Exactly 45 years ago today, September 30, the last day of the 1970 baseball season, I paid the first of many visits to Fenway Park. Yankee history was made that night as Fritz Peterson earned his 20th victory of the season in a 4-3 win over the Red Sox.
Peterson had his finest season in 1970, finishing 20-11 overall with a 2.90 ERA. The left-hander won 17 games in 1969 and 1972, and finished his Yankee career with 109 wins. Overall, Peterson was 133-131 with a 3.30 ERA, including short stints with Cleveland and Texas. He retired in 1976.
In that 1970 game in Boston, Peterson, who doubled earlier in the game and scored the Yankees’ first run, took a 4-1 lead into the eighth inning before surrendering a two-run homer to Luis Alvarado. Peterson started the ninth but departed after surrendering a pair of one-out singles to Billy Conigliaro and Joe Lahoud. After giving up a walk with two outs to load the bases, Yankee closer Lindy McDaniel got Mike Andrew to ground out to preserve Peterson’s 20th win and earn his 29th save of the year.
The win capped off a strong season for the Yankees, who finished second in the AL East, 15 games behind Baltimore with a 93-69 record. The Orioles went on to defeat Cincinnati in five games to win the 1970 World Series.
Peterson, who recently authored a book “When The Yankees Were On The Fritz: Revisiting The Horace Clark Era,” was traded to the Indians in April of 1974, along with pitchers Fred Beene, Tom Buskey and Steve Kline, for first baseman Chris Chambliss and pitchers Dick Tidrow and Cecil Upshaw. Chambliss hit a dramatic ninth-inning, walk-off home run to beat the Royals in the deciding game of the 1976 ALCS, and was a key cog on Yankee World Series winners in 1977 and 1978.
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Baseball today mourns the passing of Yogi Berra. Yogi was an American icon, a World War II veteran who was part of the D-Day invasion and a Hall of Fame catcher with the Yankees whose record of 10 World Championships will never be equaled. But above all that, Yogi was a great husband, a loving father, and a wonderful man, whose kindness, humility and sincerity touched all who knew him.
Yogi Berra played in the first baseball game I ever saw, in the summer of 1958 at Yankee Stadium. Yogi batted fifth and played right field and was 0-for-3 with a strikeout and a walk. And although the Yankees lost to the White Sox that day, I was hooked on baseball for life.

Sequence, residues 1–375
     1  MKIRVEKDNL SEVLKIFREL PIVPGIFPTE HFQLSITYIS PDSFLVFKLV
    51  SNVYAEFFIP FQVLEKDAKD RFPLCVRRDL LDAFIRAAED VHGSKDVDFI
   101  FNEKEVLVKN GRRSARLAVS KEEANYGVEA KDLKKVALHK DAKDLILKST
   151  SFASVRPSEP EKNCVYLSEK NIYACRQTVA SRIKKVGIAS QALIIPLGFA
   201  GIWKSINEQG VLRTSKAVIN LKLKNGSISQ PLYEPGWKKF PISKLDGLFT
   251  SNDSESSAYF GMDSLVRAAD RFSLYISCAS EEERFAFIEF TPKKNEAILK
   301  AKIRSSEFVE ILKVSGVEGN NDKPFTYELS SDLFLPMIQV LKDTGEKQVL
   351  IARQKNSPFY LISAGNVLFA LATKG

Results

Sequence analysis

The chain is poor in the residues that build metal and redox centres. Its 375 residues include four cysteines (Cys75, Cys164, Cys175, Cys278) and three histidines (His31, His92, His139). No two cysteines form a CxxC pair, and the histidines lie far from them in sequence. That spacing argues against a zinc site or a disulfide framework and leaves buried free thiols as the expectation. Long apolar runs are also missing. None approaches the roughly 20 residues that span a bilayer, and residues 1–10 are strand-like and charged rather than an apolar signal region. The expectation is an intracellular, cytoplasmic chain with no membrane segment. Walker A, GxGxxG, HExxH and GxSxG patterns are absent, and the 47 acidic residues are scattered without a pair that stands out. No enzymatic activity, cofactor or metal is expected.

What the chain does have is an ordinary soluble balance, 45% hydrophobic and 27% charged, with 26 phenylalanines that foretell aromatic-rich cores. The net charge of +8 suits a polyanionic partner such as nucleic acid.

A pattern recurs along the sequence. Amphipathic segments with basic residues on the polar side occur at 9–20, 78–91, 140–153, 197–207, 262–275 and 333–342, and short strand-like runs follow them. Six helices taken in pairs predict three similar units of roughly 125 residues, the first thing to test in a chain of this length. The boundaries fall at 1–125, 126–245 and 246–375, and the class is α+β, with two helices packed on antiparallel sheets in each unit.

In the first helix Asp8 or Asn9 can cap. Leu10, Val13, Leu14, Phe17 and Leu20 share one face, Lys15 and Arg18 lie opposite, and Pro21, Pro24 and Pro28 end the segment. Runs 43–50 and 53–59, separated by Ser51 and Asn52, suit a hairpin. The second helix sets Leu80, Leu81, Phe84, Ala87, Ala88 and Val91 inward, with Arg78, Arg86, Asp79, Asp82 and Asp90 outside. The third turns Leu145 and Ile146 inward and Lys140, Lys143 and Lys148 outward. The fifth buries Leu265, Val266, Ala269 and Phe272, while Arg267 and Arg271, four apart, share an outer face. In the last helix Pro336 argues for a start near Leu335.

Yogi was a walking Bartlett’s who said everything from “It ain’t over till it’s over” to “It gets late early out there” to “Nobody goes there any more, it’s too crowded.”
On a personal note, I played competitive softball until I turned 60. In the later years I became a catcher, and proudly wore #8 in honor of Yogi.
Yogi’s passing hits home for me. My father was born in 1925, the same year as Yogi. My dad passed on his love of baseball to me. No doubt, he’ll be watching the Yankee game tonight.
We used to argue about who was the best catcher in Yankee history, Bill Dickey or Yogi Berra. My father, who saw Babe Ruth and Lou Gehrig play, would say Dickey. Sorry pops, it was Yogi.
RIP Lawrence Peter Berra.
Five days before President John F. Kennedy was assassinated, I saw my first NFL game. On a cool Sunday afternoon in 1963, the Giants rolled over the visiting 49ers 48-14 at Yankee Stadium.
Frank Gifford caught a pair of touchdown passes that day, a 10-yarder from Y.A. Tittle and later a 30-yarder from New York’s back-up quarterback Glynn Griffing. Later that year, Gifford scored the Giants’ only touchdown in a 14-10 loss to the Bears in the NFL championship game at Wrigley Field.
A year later, Gifford retired. He lived the life of “the ultimate Giant.” And of course Gifford would go on to make a huge imprint on pro football, broadcasting Monday Night Football games on ABC for nearly 30 years.
Gifford, who passed away earlier this week at the age of 84, still ranks first all-time in Giants touchdowns with 78, second in receiving yards and eighth in rushing yardage.